NSW Government sees spike in unprocessed Aboriginal Land Claims
The latest NSW Auditor-General’s report into Planning, Industry Environment has highlighted the rising number of unprocessed Aboriginal Land Claims under the Berejiklian Liberal State Government.
Despite an increase in the number of claims resolved, figures show there were 35,855 unprocessed claims at 30 June 2019, an increase of 2,403 claims or 7.2 percent from the previous year.
It also revealed there were 6,906 claims unprocessed from more than ten years after they were lodged.
Unprocessed Aboriginal Land Claims were highlighted as a high-risk issue that needs to be prioritised by the NSW Government.
The Department of Industry (DOI) highlighted three key reasons for the growing number of unprocessed claims, including:
- Land claim legislation, which provides limited restrictions on new claims and often results in multiple claims over the same property
- Limited Departmental resources to process and manage claims
- The complexity of claim investigation and legal challenges to claims.
A key initiative by the Government to reduce the number of unprocessed claims is the development of Aboriginal Land Agreements, which allow for the settlement of multiple land claims.
Since 2016, the DOI has been working with the NSW Aboriginal Land Council to prioritise land claims that provide economic, social or cultural benefit to Land Councils.
The DOI entered negotiations in nine locations, seven in 2017–18 and two in 2018-19, however, not a single claim has been determined to date in any of these locations.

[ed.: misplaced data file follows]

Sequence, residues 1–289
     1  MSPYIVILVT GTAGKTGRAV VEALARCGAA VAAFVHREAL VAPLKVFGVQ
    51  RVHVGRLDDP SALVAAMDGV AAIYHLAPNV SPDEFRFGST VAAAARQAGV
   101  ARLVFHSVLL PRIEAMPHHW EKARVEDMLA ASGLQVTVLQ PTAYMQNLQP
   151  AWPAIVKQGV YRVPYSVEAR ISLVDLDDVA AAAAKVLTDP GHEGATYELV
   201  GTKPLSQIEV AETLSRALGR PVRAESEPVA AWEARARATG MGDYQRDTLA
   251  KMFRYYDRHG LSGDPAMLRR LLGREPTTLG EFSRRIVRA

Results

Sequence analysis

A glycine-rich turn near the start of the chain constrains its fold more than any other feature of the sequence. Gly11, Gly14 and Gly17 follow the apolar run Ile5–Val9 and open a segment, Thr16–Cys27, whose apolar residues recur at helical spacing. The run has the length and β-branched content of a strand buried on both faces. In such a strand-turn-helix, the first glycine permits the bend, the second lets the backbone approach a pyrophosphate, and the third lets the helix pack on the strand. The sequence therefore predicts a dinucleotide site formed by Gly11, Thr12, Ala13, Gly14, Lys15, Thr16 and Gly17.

Labor Shadow Minister for Aboriginal Affairs, David Harris, said the Government needs to allocate more resources to address the growing number of unprocessed Aboriginal Land Claims.
“The Auditor-General has been recommending actions to address the increasing number of unprocessed claims which under this Government continues to grow through lack of resourcing,” Mr Harris said.
“Undetermined claims remain a contingent liability for the Berejiklian Government and deprives Aboriginal people of potential economic and cultural opportunities.”
“It is time the Government properly resources the unit responsible for determining Aboriginal Land Claims to ensure the intent of the Aboriginal Land Rights Act 1983 is honoured and full benefits for Aboriginal communities [are] realised.”
There have been reports to Parliament since 2007 to address the increasing number of unprocessed claims, and at that stage there were only 8,922.
NSW Minister for Aboriginal Affairs, Don Harwin, was contacted for comment but did not respond by time of publication.
By Sarah Mozley
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